Improvement Science in Times of Crisis

By Brandon Bennett, Principal Advisor, Improvement Science Consulting [Original Post Date: July 10, 2020]

On October 29th, 1929, the stock market fell 24.8%. In one day, a thriving successful economy was turned on its head, confidence was shattered, and the event became known as Black Tuesday. It marked the start of the Great Depression. What began as a rapidly unfolding crisis would drag on for the next ten years.

COVID-19 was first diagnosed in the United States on January 19th, 2020. In California, the shelter in place order began on March 19th, two months later. The effects on our state and our economy can only be described as a crisis. Unemployment has skyrocketed, supplies of essential materials are scarce in places, and children are physically out of school, some for a minimum of 5 months. Districts statewide are in crisis management mode. Questions of “how” are everywhere: How do we continue feeding our students? How do we ensure equitable access to digital classrooms? How do we track attendance? How do we track teacher student interactions? How will we reopen? How do we support teachers to teach in an unexpected distance environment? How do we support teachers who themselves are balancing work and parenting from home? The list goes on.

Pivot toward rapid learning. A central tenant of Improvement Science has always been the application and use of rapid learning cycles, also known as Plan-Do-Study-Act (PDSA) cycles. In moments of crisis, PDSA is an extremely effective tool for guiding systems toward productive outcomes, even when the path to those outcomes is unclear. Consider a question like, “how will we meaningfully engage students in an online environment?” Undoubtedly, there are ideas, but which one is good and which ones are likely to fail? In the face of this unknown, the use of rapid cycle learning, trying an idea for a day or two with a handful of teachers, can quickly determine the answer.

And what about: “how will we reopen if physical distancing is still a requirement in the fall?” Rapid cycle learning can be used here too. District teams could use rapid learning cycles to quickly simulate what movement through a school would look like, what new physical arrangements of classrooms could look like, and what protocols for entry and exit could look like. Unsure what simulation is? Check out this clip from “The Founder”.

Focus on infrastructural change. The world on October 30th, 1929 looked about the same as it had on October 28th, but with the impact of Black Tuesday, it felt very different. With a collapse of the economy unfolding over the next 3 years, it became apparent to leaders that the United States could not “go back.” Moving forward, business and government would need to look different; it would require infrastructural change. It was during these years that the New Deal took shape; the Glass-Steagall Act (1933) would regulate speculation in banking and securities, Social Security was born (1935), and the Housing Act was passed (1937, later to become known as the Department for Housing and Urban Development).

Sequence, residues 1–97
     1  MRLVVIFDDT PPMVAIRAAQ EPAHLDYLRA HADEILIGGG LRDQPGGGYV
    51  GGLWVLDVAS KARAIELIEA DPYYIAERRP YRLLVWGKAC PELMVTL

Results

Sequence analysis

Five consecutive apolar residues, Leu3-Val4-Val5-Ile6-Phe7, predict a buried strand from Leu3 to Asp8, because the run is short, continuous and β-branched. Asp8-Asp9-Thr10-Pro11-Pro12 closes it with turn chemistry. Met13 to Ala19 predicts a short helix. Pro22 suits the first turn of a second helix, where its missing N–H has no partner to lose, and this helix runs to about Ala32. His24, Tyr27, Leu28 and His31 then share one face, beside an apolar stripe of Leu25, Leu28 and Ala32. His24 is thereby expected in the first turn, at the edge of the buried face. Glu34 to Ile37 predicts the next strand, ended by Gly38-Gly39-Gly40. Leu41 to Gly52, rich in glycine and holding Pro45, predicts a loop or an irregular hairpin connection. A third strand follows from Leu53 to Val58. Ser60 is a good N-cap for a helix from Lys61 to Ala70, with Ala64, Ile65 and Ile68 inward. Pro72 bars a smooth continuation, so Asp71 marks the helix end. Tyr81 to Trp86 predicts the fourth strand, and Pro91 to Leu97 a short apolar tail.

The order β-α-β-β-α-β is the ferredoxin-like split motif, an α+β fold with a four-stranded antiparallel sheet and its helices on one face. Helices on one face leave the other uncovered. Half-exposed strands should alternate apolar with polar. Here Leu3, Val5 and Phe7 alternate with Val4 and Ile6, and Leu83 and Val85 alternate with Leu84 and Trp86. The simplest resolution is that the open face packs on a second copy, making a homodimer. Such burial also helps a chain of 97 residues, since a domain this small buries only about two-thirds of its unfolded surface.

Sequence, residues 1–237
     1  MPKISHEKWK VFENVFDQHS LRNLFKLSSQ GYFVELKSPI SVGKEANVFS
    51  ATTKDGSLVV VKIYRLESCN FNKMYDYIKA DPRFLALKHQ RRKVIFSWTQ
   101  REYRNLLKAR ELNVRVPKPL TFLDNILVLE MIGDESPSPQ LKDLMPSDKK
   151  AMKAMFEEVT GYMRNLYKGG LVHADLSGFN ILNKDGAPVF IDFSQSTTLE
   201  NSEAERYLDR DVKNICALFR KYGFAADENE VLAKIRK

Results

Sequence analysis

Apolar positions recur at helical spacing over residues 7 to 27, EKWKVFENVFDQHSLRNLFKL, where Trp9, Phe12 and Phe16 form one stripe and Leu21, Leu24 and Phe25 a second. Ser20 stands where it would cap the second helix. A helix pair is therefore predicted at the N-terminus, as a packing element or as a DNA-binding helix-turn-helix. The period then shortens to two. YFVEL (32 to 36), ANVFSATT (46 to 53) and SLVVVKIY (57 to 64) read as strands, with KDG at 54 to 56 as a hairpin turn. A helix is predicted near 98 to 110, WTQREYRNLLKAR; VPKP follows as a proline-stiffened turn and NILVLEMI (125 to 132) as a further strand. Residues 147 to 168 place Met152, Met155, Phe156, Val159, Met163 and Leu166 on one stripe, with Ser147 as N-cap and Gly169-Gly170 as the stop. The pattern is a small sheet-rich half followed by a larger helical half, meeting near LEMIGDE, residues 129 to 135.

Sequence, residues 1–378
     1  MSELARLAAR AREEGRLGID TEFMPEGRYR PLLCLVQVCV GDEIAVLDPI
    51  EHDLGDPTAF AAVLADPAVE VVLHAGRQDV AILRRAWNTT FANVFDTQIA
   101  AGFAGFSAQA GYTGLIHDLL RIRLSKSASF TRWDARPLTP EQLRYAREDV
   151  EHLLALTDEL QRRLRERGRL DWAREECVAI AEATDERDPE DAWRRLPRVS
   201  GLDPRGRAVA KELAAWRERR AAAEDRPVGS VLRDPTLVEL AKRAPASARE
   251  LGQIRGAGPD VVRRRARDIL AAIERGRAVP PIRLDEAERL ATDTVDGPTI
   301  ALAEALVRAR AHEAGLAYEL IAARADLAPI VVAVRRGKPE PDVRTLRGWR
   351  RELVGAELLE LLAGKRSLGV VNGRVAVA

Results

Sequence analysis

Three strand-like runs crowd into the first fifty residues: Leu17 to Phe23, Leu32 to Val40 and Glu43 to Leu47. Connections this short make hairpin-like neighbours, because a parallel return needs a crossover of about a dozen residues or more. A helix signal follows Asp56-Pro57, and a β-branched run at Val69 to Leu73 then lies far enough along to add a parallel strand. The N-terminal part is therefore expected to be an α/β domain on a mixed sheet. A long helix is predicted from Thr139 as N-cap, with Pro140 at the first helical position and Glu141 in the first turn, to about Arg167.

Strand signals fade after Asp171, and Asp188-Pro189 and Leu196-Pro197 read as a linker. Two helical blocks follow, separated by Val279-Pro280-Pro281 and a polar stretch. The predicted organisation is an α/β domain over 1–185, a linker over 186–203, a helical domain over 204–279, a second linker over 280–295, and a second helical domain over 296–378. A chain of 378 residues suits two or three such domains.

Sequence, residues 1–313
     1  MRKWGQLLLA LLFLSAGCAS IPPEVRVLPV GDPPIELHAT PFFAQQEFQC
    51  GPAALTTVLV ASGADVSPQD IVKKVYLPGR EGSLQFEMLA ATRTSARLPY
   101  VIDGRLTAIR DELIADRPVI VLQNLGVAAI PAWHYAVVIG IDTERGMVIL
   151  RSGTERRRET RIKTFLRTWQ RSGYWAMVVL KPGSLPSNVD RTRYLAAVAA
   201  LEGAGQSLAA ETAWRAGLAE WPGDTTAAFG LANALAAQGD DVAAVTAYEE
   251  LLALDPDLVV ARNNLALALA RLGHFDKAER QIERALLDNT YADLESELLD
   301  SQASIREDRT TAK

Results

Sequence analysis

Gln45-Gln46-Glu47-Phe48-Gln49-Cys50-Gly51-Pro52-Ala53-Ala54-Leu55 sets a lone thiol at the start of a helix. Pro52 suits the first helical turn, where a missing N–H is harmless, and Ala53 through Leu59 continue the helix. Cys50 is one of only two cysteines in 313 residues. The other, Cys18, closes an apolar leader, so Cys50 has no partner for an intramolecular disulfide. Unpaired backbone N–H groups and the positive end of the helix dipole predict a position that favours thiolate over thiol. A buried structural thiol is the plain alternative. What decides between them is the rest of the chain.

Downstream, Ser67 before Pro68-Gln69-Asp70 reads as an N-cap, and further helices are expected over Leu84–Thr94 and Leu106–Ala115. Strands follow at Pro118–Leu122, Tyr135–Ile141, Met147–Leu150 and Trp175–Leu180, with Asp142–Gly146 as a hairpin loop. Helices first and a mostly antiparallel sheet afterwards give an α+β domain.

Leaders have a rare and unique opportunity right now. Their systems have been disrupted, often in unpredictable and negative ways. There is no “going back” to the way things were. Staff are more willing to consider change. People understand why change is now needed. Leaders can repurpose existing resources and, in some cases, allocate new resources toward the development of infrastructure that would better serve the purpose of their organizations in the future.

In some cases, this might mean investing in infrastructure that would support continuous learning and improvement. For example, building systems which could track and analyze data in closer to real time for decision making (e.g., local collection and analysis of DRA scores to improve instructional practices related to literacy). It could also mean working to create new physical environments that better meet student needs on return. In some systems, this may be a rare moment to simply engage in the maintenance of existing resources so those resources can still serve their purposes for years to come. How often is simple maintenance delayed because “we use that everyday and don’t have an alternative to use while we fix it.”

Investing in new or maintaining existing resources is key and it is important to recognize that not all resources are physical. In many instances allocating human resources differently or utilizing existing structures while changing their purpose will help better meet emerging needs.

The inability to predict can cause a great deal of anxiety, leaving leaders and staff feeling uncertain about what to do or how to do it. Utilizing tools like the Plan-Do-Study-Act cycle offers a path forward: learning our way into the future, shaping our systems to meet emergent needs while ensuring we remain fit for purpose. Taking the long view of investing in and repurposing our resources can help us to stay focused, to keep moving forward, and to maintain perspective on what is most important: our students.